How Risky is Pain Treatment?

Pain Care Part 1: Exploring the Benefits & Risks for 2 Common Pain Treatment Options for Injured Workers

We are used to commonplace things working: stoves, electronic gadgets, our cars. We complain about glitches yet they really rarely happen. However, this is not the case when an injured patient seeks pain relief – treatment can often fail. Even worse, medical care can be iatrogenic, meaning that the treatment creates new health problems in addition to the original injury. These problems include side effects from taking prescribed pain medications as well as complications from surgery.

Consider how experts in pain care have taught themselves about the risks of pain treatment and how their research has gone on to impact the workers’ compensation community.

They usually share studies, published sometimes years before the general public is made aware of them. For instance, the workers’ compensation community began to pay close attention to the risks of opioids around 2010, ten years after researchers in the late 1990s first detected that patients were dying from opioid prescribing. After 2010, the workers’ compensation community began to issue state prescribing practices and to ask for urine drug testing.

Escalation of Opioid Rx

By then, some 15,000 people throughout American society were dying each year from misadventures with prescribed opioids. And in 2015, opioids killed more than 33,000 people, more than any other year on record.  While no one has counted how many of these deaths arose out of opioid use among injured workers, in all likelihood several hundred injured workers a year were dying, some having been on opioids for pain treatment for years.

In the past dozen years or so, pain experts have learned a great amount about prescribing practices. For example, a study of California showed that a very small percentage of those who prescribed – less than five percent – accounted for a huge share of total prescriptions to injured workers.

More specifically, pain experts started to look closely at whether opioids were effective for treating common work-related conditions such as back, shoulder, or knee pain. But researchers had difficulty finding evidence that opioids provided benefits for long term pain relief. In fact, some reported contrary findings – one study showed that long term use of opioids often caused the patient to become more, not less, sensitive to pain signals.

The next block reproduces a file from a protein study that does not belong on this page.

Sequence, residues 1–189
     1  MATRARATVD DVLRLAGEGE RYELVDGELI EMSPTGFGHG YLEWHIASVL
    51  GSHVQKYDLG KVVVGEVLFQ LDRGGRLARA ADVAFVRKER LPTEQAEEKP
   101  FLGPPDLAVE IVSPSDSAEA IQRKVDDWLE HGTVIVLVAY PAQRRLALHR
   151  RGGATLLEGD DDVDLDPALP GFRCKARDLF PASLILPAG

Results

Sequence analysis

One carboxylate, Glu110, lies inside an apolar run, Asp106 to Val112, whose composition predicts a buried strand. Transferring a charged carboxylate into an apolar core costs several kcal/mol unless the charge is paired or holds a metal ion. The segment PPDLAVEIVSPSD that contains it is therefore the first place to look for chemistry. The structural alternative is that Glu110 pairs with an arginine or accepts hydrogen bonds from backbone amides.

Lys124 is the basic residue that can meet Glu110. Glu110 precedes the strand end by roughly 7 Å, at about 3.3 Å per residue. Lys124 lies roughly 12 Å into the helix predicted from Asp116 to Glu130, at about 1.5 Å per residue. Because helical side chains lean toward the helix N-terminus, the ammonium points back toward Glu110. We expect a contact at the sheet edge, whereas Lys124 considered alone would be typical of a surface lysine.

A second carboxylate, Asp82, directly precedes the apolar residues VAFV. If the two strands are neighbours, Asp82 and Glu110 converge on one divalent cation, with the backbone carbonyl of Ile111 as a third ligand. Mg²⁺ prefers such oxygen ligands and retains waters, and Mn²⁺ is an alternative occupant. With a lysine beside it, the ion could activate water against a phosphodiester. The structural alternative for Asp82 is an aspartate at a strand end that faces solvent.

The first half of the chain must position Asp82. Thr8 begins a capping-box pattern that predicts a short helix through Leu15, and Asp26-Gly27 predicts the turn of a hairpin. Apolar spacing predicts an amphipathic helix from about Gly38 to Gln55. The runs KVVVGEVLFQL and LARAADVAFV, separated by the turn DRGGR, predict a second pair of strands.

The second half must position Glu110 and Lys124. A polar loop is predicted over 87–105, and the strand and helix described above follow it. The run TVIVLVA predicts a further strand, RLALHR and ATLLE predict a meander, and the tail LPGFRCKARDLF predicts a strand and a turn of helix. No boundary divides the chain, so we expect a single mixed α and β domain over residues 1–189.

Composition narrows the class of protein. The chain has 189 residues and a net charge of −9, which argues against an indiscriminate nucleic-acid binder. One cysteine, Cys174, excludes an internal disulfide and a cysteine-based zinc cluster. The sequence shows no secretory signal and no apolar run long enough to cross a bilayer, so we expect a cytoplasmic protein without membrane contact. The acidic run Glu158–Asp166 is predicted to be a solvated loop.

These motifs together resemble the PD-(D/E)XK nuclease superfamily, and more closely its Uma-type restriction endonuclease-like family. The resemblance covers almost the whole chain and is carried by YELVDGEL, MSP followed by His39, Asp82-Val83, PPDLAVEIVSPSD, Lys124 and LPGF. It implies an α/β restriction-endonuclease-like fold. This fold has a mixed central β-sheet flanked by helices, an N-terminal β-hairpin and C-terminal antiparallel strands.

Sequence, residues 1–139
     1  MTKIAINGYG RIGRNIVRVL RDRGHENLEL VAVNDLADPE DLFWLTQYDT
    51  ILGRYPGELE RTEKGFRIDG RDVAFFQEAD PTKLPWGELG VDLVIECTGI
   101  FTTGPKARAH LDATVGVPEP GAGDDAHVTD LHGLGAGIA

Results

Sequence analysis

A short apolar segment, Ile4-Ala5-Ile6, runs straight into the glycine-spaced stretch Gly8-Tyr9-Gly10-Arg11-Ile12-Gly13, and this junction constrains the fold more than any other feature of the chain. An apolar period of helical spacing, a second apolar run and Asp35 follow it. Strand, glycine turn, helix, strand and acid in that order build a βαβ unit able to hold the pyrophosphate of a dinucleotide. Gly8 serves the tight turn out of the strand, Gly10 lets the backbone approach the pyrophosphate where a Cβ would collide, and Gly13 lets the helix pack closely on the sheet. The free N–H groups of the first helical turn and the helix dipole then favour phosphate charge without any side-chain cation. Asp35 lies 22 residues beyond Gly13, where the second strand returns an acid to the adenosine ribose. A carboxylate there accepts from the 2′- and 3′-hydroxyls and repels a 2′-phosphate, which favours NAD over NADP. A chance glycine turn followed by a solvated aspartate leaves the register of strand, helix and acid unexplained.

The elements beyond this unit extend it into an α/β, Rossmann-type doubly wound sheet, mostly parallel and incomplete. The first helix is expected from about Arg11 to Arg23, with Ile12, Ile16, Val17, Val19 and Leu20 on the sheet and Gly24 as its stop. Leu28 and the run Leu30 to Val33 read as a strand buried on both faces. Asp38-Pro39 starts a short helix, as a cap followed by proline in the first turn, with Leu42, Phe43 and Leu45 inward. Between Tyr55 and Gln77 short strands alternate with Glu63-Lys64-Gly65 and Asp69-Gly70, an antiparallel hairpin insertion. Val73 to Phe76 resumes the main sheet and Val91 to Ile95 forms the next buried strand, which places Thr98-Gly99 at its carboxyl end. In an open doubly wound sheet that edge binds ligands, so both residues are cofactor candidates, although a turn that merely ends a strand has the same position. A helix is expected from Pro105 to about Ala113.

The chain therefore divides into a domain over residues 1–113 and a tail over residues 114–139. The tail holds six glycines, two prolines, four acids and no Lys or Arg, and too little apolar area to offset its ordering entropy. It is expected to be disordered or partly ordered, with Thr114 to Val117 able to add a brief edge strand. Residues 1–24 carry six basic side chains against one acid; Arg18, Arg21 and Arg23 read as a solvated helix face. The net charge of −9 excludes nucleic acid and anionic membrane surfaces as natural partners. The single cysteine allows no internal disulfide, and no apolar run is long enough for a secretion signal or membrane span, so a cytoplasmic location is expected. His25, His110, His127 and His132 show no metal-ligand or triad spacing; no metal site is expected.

These studies prodded states to limit prescribing through the use of a formulary, which is a formal list of drugs that workers’ comp will pay for. Texas and Washington are two examples among many other states that introduced formularies to cut down on opioid prescribing. Their formularies were effective as opioid prescribing did decline. This decrease allowed patients to be exposed to more drug-free pain treatment options; which did not have the risks and side effects of opioids such as: drowsiness, constipation, stress and addiction.

Next Stop: Spinal Surgery

At about the time that opioids came to the market in a big way, surgeons began to promote more aggressively surgical cures as pain treatment. One of the leading surgical innovations was spinal fusion, which fuses together two or more vertebrae, restricting movement. Spinal fusion advocates say that the procedure can remove pain, and therefore exist as an effective pain treatment.

However, some studies of injured workers suggest that this is not the case. One study of injured workers in Ohio found poor outcomes from spinal fusion. Only a quarter of workers with this procedure returned to work within two years. And another quarter had to have a second operation. Alarmingly in these cases, opioid use went up, not down, after surgery. As with any surgery there are high risks and high costs; and as these case studies reflect, can accompany a trend of increased opioid use. Therefore best practice treatment guidelines today caution doctors to consider the risks of spinal fusions.

So, over the past twenty years, we have seen a cycle of opioid prescribing going up and back surgery becoming more prevalent. These two forms of pain treatment are well known, but certainly not the only options available. There are less invasive, less risky options including but not limited to: physical therapy, electrical stimulation, and guided exercise. The emphasis to recommend these two treatments stems from the research that pain experts highlight about effectiveness and possible risks. This research has shown to be a major influence for opioid prescribing and surgeries.